What made the business news in Asia and Europe this morning? Here's our daily business round-up:
Italy's bond yields continued to soar on Wednesday, with the yield on 10-year bonds rising well above 7% - a rate which many analysts deem to be unsustainable.
The rise comes a day after Italian Prime Minister Silvio Berlusconi said he would resign once budget reforms are passed.
The yield was pushed up as a clearing house asked for a larger deposit to trade Italian bonds - to cover the increased risk of non-payment.
Investors increasingly fear that Italy could become the next victim of the debt crisis.
The head of the International Monetary Fund, Christine Lagarde, has warned that the global economy is at risk of being plunged into a .
Ms Lagarde said the ongoing debt crisis in Europe had resulted in an uncertain outlook for the global economy.
The IMF chief added that while efforts to solve the crisis were heading in the right direction, more needed to be done to restore confidence.
China's inflation rate fell for a third straight month in October, as the government continues to try to cool economic growth.
Consumer prices rose 5.5% in October compared with the same month a year earlier, the National Bureau of Statistics said.
That is down from 6.1% in September, and a three-year high of 6.5% in July.
The government has identified inflation as one of the main threats to the country's economic stability.
Global bank HSBC has reported shrinking underlying profits and warned of a "very challenging" outlook.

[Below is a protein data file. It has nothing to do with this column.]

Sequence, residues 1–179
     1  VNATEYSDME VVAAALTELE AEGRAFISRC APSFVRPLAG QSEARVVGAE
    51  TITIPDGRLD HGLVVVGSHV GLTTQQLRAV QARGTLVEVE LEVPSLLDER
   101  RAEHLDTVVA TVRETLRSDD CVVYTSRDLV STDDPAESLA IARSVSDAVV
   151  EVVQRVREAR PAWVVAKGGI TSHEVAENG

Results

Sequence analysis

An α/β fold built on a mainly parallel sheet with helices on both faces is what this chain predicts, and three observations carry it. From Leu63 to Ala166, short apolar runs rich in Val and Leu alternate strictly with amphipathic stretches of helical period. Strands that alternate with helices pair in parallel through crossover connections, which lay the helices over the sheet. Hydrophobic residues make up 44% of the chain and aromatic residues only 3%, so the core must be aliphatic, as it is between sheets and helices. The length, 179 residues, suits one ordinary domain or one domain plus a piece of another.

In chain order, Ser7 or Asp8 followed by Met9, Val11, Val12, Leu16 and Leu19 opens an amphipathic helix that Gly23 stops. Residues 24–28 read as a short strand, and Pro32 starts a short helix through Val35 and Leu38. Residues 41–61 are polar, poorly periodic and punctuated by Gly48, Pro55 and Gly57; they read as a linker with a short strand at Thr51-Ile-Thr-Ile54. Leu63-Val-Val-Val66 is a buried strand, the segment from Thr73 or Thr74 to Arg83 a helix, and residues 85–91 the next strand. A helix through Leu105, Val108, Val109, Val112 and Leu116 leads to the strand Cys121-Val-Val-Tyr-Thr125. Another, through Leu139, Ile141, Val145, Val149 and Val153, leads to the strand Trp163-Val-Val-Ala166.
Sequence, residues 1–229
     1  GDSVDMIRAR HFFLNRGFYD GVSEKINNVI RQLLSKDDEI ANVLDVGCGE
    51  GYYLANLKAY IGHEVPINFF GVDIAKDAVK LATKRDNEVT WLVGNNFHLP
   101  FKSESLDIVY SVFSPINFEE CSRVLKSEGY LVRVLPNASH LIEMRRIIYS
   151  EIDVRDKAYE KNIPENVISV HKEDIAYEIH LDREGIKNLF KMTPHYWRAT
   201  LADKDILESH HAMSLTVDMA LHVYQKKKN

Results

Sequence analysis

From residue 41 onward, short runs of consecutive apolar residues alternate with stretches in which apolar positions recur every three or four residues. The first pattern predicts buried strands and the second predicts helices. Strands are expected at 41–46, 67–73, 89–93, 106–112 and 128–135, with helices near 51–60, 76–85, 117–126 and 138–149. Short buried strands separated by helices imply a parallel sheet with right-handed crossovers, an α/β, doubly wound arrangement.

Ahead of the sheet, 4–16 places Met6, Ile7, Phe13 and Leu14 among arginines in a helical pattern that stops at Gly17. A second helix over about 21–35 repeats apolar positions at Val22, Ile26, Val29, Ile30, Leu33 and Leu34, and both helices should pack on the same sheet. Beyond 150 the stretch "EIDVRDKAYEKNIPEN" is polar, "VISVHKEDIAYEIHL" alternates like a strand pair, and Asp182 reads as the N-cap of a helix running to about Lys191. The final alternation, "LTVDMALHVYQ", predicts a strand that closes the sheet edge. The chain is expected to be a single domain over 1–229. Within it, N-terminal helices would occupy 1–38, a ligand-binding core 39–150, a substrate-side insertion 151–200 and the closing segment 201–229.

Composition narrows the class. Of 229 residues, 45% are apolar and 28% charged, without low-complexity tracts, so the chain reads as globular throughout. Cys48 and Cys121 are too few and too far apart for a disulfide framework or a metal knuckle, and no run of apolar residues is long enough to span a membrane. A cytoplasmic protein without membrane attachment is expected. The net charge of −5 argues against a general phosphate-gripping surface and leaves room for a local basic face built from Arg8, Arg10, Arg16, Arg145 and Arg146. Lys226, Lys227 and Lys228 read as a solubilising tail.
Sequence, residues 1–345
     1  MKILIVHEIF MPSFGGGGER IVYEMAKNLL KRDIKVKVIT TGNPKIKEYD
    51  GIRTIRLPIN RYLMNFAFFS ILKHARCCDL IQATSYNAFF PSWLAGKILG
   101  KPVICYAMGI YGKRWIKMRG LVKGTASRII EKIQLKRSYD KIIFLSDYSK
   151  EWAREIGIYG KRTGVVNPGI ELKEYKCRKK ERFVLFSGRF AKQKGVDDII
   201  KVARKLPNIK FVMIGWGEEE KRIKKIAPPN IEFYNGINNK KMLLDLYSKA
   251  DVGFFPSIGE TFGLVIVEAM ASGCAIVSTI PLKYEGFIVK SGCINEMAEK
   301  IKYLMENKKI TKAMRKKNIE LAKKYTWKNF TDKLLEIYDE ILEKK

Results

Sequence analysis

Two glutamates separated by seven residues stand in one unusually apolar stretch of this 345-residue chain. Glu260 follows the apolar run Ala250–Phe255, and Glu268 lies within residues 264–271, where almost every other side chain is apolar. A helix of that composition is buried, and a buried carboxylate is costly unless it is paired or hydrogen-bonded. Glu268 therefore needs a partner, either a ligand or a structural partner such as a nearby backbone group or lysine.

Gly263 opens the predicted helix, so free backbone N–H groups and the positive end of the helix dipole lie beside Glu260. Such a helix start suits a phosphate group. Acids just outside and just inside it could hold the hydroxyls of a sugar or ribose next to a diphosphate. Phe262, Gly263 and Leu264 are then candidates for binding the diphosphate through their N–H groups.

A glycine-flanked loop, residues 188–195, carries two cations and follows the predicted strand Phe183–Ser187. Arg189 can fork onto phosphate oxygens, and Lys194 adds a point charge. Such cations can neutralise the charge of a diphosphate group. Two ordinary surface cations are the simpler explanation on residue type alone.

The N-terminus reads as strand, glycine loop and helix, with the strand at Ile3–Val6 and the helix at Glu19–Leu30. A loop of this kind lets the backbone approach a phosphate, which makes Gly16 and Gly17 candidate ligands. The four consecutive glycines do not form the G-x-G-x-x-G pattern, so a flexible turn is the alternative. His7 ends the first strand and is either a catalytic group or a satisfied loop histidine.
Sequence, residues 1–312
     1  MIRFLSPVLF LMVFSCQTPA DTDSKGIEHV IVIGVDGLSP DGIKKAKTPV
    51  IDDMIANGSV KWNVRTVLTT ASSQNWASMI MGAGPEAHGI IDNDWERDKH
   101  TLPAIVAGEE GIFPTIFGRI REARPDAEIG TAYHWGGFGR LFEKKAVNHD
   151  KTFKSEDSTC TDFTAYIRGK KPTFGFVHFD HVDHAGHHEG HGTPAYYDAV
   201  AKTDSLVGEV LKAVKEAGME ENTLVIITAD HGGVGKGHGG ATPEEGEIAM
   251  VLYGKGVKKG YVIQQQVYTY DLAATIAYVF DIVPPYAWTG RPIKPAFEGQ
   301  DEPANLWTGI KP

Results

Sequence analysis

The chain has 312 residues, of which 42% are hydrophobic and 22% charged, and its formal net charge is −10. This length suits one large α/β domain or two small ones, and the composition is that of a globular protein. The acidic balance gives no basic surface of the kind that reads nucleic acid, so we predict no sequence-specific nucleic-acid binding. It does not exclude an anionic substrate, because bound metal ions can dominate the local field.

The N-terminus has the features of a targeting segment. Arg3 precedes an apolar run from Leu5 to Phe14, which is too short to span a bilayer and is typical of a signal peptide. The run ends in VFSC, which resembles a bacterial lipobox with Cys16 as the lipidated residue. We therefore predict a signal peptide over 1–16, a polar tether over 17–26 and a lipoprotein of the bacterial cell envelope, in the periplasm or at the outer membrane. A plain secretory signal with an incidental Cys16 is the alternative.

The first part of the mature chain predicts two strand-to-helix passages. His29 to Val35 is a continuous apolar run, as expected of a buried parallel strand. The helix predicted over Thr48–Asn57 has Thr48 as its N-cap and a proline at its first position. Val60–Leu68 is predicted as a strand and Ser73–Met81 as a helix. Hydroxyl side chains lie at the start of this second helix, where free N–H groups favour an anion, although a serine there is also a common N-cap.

Its headline profit before tax was actually up 66% to $5.2bn (£3.2bn) in the third quarter of the year, mainly thanks to a revaluation of its own debts, the value of which has fallen in volatile markets.
But underlying profits fell 36% because of weak business, as well as bad debts in the US.
Anglo-French electrical goods retailer Kesa has announced plans to sell off its troubled UK-based Comet stores to a private equity firm for just £2.
The buyer is a group of companies under the name "Hailey" advised by retailer turnaround specialists OpCapita.
Shares in Olympus have plunged yet again as uncertainty looms over the camera maker's future.
Shares fell 20% in Tokyo on Wednesday, after shedding 30% in the previous session.
On Tuesday, Olympus launched an inquiry after admitting it had hidden losses on its securities investments for decades.
The latest edition of Business Daily considers how you can get a job when unemployment is rising. It also reports from shanty towns in Spain where the unemployed gather.